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US Hybrid Sales Down 45.5% in April

Us hybrid sales 2009.04.01
Monthly US sales of hybrids. Click to enlarge.

Reported sales of hybrids in the US reported by Toyota, Honda, Ford, GM and Nissan dropped 45.5% year-on-year in April to 21,735, despite full month sales for the new Honda Insight and the Ford Fusion and Milan hybrids. Total LDV sales in the US were down 34.4%. (Earlier post.)

The reported sales represented a 2.65% hybrid new vehicle market share (based on Autodata’s total LDV sales figure)—the highest monthly new vehicle share for hybrids so far this year, but below the 3.2% high mark in April 2008. Year-to-date in 2009, hybrids are holding a 2.4% new vehicle market share.

Us hybrid sales 2009.04.02
Hybrid monthly new vehicle market share. Click to enlarge.

Toyota. Overall, Toyota saw a 62.8% drop year-on-year in its combined hybrid sales in April 2009. Year-to-date US sales of Toyota hybrids through April are down 51% to 49,660 units from 101,334 for the same period last year.

In advance of the market introduction of the new 2010 Prius, Toyota Prius sales dropped 61.5% in April to 8,385 units from 21,757. Other results:

  • Sales of the Camry Hybrid were down 67.1% to 2,198 units, representing 8.7% of Camry sales. Sales of conventional Camry models were down 31%.

  • Sales of the Highlander Hybrid were down 63.8% to 933 units, representing 16.7% of Highlander sales. Sales of conventional Highlander models were down 37%.

  • Sales of the RX 400h Hybrid were down 59.7% to 655 units, representing 10.5% of RX sales. Sales of conventional RX models were up 1%.

  • Sales of the GS450h were down 59.8% to 33 units, representing 7.1% of GS sales. Sales of conventional GS models were down 71%.

  • Sales of the LS 600h L were down 84.4% to 19 units, representing 2.5% of LS sales. Sales of the conventional LS models were down 60%

Us hybrid sales 2009.04.03
Hybrid component of brand sales. Click to enlarge.

Honda. With the first full month of sales of the Insight, Honda moved up to the number two slot behind Toyota, with 5,457 units sold. The Insight sold 2,096 units in April, and pushed combined Honda hybrid sales up 25% year-on-year. In April 2008, Honda had the Civic Hybrid on sale as well as the low-selling Accord Hybrid (25 units in April 2008).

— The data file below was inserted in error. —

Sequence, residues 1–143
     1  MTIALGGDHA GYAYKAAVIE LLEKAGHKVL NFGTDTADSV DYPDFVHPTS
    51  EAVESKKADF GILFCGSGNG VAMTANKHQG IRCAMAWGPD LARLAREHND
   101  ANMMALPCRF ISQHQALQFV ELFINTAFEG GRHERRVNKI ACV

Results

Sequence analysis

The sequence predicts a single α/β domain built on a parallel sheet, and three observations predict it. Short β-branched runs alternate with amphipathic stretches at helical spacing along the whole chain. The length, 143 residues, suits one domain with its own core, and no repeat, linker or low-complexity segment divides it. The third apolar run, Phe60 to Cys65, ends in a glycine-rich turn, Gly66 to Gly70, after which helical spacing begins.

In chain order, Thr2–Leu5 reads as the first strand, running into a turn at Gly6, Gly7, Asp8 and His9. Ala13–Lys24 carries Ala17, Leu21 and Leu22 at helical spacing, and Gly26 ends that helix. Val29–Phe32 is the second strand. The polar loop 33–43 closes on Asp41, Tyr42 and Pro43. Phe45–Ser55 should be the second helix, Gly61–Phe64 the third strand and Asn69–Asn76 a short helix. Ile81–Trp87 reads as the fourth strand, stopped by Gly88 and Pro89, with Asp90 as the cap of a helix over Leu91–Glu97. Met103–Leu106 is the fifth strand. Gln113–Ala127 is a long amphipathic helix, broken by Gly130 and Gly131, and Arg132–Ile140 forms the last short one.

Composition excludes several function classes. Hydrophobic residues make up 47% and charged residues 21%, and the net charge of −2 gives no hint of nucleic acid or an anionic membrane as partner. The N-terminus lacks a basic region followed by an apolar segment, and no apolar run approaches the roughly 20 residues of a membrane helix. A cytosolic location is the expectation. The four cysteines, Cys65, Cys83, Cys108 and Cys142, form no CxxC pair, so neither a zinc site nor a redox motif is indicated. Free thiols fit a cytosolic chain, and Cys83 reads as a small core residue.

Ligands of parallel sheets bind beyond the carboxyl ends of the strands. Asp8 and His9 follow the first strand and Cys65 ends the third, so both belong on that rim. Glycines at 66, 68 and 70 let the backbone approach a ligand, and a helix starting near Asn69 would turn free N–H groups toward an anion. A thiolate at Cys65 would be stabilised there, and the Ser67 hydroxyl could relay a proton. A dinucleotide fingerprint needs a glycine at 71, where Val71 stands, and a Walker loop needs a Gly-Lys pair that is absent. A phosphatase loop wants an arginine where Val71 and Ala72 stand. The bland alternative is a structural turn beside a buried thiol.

Honda sold 3,361 Civic Hybrids in April, down 22.3% year-on-year, and representing 12.8% of all Civics sold. Sales of conventional Civic models were down 23% in April.

Ford. The addition of the new Fusion and Milan hybrids pushed combined Ford hybrid sales to 2,299 units, up 21% compared to April 2008. Ford posted 1,134 units of the Escape and Mariner Hybrids, down 40.5% year-on-year, and representing 7.3% of Escape and Mariner sales. Sales of conventional Escape and Mariner models were down 13% year-on-year.

Us hybrid sales 2009.04.04
OEM hybrid sales as a percentage of total LDV sales. Click to enlarge.

The new Fusion and Milan hybrid sedans sold a combined 1,165 units, representing 5.7% of all Fusion and Milan sales in April. Sales of conventional models of the Fusion and Milan climbed 3% year-on-year in April.

GM. General Motors sold 1,534 hybrids in April, comprising:

  • 523 units of the two-mode SUVs (Tahoe, Yukon, Escalade), representing 4.5% of combined sales of those models